First, what does M.S.A. stand for in the photo caption? Second, was there ever really any film footage shot? An article that ran after Oswalt’s death gives a conflicting report to the one detailing what camera crews supposedly caught on film. And last, if there were movies made of Oswalt, do they survive and is there a way to get a copy to share with the people of Oswalt’s hometown?
TRAGEDY TO TRIUMPH
According to information found in the file, Virgil Oswalt was born June 22, 1892, near Maximo to George and Margaret (Biery) Oswalt and was one of six children.
Living in the shadows of Mount Union, the family home being at 2205 Miller Ave., Oswalt spent his days watching the college’s baseball and football players practice.
According to the syndicated article titled “The Athletic Wonder,” Oswalt often expressed a wish to be the greatest athlete in Ohio.
Shortly before his 10th birthday, however, he developed blood poisoning after falling on some railroad tracks and doctors were forced to amputate his right leg at the hip on April 21, 1902.
It was then, according to the article that ran shortly before his death in 1916, that the young Oswalt set out to become Ohio’s greatest one-legged athlete.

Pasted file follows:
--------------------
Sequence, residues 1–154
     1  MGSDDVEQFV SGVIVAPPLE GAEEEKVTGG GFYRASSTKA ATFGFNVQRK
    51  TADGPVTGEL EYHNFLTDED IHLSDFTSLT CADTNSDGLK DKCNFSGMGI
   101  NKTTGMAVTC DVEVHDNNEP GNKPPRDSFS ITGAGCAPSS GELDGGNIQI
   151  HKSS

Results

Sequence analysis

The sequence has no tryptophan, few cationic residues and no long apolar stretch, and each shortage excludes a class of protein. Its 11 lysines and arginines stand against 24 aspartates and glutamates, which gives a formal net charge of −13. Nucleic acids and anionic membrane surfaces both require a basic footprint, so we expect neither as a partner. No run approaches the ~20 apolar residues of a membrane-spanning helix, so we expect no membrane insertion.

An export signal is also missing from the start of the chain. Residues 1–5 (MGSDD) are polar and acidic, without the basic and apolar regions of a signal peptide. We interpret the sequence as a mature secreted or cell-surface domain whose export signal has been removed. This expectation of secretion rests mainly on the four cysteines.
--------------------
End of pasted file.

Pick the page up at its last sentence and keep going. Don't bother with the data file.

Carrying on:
The author interjected: “If there is any athlete more entitled to the latter title, his name has never been heard as of yet.”
WHO NEEDS TWO LEGS?
Described as sturdy and stocky, very modest and the idol of the fans that watched him play, Oswalt was reported to often say to his friends, “One leg is enough, if you only know how to use it.”
That quote became the basis of an editorial about overcoming handicaps by New York writer Herbert Kauffman.
Oswalt certainly overcame any hurdles put in his way, becoming a standout with amateur athletic clubs across the city, which included the Mount Union Cubs as well as some Goat Hill teams and North Side teams.
He played catcher on several baseball teams. He was always allowed a courtesy runner once he reached first base, but was also known to hobble around the circuit to record needed runs.
In basketball, he played forward, and was part of the Coombs Brothers team, which was considered the fastest in northeast Ohio during the 1915-16 season.
A flyer promoting a contest between the Hiram College Terriers and the Coombs Brothers team on Feb. 5, 1916, mentioned Oswalt by name.
“They will play Oswalt, a one-legged man. If you don’t believe he is good, come and see,” was printed on the poster.
The Coombs Brothers team won a game against Hiram earlier in the season at Alliance by the score of 52-18.